But it never quite completes the full, recognizable theme, does it?  At :07, you hear those first three notes, a slower cadence, and at :11, the next three… but it never resolves.  At :20, it repeats, the first three notes more recognizable and with more “brassy capacity” – and then the next three notes are wrong!  They’re just wrong.  They’re off slightly.  They don’t resolve into that triumphant finish.  They don’t have that sense of completion.  Because the Fellowship is not complete.  God, music is amazing.  At :32, it finally breaks into the theme you recognize, all sassy-brassy and the camera pans to show them running – except, and listen closely now – the last few notes of the leitmotif have a different cadence than the original.

In fact, it’s never quite the same.  The “Fellowship Theme” shows up in all three movies, but even when it’s almost the same, at least a few notes are different, or the rhythm is slightly different.  Because after Moria, the Fellowship never really was the same, was it?

Movies aren’t the only big leitmotif uses.  It’s a huge feature of television as well.  The re-imagined Battlestar Galactica did this constantly, and by the end of the show, practically every character / event / location / relationship had its own leitmotif.  Remember the Adamas and that Celctic-esque pipe theme whenever the Admiral would bond with Lee?  Or that short, slightly ominous phrase that played whenever Chip Six appeared to Baltar? (Fun fact – the instrument it’s played on is called a gamelan – now you’ve learned something today; go forth secure in that knowledge)  If you find this stuff as fascinating as I do, Bear McCreary – who scored the entire show – has his own website where he comments on the process and musical themes and how he uses them.  That can be found here.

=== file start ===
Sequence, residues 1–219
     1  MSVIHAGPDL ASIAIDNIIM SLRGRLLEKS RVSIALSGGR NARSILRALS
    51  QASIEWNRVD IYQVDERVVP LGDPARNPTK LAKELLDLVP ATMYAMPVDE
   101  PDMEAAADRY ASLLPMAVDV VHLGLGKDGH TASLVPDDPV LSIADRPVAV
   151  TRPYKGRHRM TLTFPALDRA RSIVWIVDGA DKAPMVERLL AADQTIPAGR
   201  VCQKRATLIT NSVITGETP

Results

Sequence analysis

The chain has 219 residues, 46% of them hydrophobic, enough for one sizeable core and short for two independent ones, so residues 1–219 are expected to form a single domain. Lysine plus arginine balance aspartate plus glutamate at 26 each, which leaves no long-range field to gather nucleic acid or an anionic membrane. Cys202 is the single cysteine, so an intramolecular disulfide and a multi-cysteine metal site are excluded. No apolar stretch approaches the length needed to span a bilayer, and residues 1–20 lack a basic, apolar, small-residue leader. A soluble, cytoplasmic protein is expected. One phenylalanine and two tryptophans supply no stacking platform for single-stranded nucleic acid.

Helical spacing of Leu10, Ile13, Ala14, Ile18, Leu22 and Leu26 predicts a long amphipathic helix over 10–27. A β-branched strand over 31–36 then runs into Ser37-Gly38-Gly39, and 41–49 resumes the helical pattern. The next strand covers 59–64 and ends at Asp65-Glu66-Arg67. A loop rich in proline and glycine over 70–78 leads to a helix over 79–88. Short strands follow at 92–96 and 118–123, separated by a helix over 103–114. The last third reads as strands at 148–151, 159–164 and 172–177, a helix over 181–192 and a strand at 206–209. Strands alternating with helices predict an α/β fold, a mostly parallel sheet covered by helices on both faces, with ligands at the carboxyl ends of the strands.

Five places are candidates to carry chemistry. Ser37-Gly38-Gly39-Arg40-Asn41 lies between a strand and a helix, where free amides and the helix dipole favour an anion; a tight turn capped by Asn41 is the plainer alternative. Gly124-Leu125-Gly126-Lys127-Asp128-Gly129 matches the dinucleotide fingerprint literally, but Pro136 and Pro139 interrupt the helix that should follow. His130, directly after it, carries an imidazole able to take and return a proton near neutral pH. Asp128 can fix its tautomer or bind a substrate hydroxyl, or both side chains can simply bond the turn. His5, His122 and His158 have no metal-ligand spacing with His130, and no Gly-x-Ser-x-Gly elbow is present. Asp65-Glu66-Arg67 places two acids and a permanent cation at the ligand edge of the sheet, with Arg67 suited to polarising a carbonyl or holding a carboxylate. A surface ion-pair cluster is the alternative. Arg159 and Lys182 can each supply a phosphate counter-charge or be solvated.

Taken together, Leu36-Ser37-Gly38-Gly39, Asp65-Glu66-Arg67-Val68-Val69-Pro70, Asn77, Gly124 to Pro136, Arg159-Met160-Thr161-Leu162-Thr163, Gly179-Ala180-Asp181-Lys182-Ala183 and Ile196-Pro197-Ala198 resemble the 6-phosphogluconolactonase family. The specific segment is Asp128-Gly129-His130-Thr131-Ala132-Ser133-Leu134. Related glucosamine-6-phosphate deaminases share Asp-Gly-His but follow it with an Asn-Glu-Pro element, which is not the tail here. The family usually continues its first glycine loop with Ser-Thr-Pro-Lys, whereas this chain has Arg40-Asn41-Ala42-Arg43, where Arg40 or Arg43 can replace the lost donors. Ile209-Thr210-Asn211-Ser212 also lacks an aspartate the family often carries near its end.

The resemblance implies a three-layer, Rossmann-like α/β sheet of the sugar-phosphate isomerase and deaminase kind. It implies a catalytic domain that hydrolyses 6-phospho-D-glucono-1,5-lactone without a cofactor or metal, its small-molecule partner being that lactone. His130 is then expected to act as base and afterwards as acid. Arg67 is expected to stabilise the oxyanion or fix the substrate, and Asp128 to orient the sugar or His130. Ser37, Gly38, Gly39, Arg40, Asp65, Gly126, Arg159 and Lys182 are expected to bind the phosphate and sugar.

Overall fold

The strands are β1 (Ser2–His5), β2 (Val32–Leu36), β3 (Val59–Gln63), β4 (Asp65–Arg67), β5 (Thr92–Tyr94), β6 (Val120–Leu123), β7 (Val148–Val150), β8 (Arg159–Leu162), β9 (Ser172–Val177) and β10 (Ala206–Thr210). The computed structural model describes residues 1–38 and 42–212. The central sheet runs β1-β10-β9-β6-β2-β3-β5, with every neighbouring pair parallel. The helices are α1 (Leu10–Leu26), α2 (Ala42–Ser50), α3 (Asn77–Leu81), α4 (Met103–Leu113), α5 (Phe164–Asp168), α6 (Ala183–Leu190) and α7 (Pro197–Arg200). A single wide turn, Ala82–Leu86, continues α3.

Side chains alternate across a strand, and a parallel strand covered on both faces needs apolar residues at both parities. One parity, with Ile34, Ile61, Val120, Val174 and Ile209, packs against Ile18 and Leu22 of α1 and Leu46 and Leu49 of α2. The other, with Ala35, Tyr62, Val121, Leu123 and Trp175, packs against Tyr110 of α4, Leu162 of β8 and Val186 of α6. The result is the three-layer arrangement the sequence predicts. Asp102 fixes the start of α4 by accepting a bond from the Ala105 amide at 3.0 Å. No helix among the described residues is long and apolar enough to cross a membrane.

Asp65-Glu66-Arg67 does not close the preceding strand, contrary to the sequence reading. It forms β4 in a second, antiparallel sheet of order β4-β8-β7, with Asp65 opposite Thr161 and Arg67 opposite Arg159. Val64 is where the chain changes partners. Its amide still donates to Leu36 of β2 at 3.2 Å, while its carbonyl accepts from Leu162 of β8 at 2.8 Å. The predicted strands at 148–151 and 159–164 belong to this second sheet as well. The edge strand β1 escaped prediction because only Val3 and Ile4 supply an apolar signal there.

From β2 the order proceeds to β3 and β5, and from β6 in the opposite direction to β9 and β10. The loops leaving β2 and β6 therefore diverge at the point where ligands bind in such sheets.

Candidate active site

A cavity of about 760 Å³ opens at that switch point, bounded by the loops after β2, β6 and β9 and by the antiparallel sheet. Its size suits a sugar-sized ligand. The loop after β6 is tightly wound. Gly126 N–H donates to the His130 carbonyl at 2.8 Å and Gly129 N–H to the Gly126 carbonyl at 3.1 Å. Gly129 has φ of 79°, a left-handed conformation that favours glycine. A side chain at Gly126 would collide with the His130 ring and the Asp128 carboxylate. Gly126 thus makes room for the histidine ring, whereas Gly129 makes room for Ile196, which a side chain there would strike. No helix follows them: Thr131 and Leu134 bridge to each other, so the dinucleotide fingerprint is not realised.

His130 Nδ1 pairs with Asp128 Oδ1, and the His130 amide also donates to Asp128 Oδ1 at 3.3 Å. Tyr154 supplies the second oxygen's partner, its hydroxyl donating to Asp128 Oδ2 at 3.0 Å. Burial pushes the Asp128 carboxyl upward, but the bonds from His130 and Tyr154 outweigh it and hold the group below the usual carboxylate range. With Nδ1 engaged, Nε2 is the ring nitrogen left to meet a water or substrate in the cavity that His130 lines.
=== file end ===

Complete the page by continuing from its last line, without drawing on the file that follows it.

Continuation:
Perhaps one of my favorite examples of leitmotif is one from television, and a great one to end on.  Star Trek.  Ah, how I remember being allowed to stay up way past my bedtime to watch the premier of Deep Space Nine.  As an avid Next Generation fan, I was pumped to see it, yet sad that my favorite show was almost over.  The first episode of Deep Space Nine has more than a few “passing the torch” moments, but here’s my favorite:

Listen to the music as the camera lingers on Picard’s face.  That’s the Next Generation theme.  It continues for a few bars as the shot changes to an external one of the Enterprise leaving DS9… and as it moves away, the music transitions to the last few notes of the Deep Space Nine theme.  Powerful, lovely stuff.  Passing the torch, through music.  Music truly is a kind of magic.

Similar Posts


  1. I was actually just marveling at this concept while gaming last night. I was playing the first act of Heavy Rain and pondering suicide because it was just so soul crushing. Early in the game, you control the protagonist playing with his sons and it’s so happy, and then a little later, trying to recapture that magic after a tragedy, the same premise is repeated accompanied by depressing piano music and it just feels wrong. Like you are just going through the motions and all joy has been sucked out of the act. Glorious. Great article.

  2. I was wondering if you’d mention The Hobbit recycling LOTR’s leitmotifs. It bugged me to no end the insistence on playing the One Ring theme whenever Bilbo looked at, thought about, or put on the damned thing. Also, doing the Nazgul theme for Thorin (the treewalk) felt hokey.

    I like it when they’re done well (Pacific Rim did a good job with the optimistic theme at first, then pessimistic, and then radtastic boatswords), but when they’re done poorly, it really hurts everything. Which I guess speaks to the power of music in storytelling.

Leave a Reply

This site uses Akismet to reduce spam. Learn how your comment data is processed.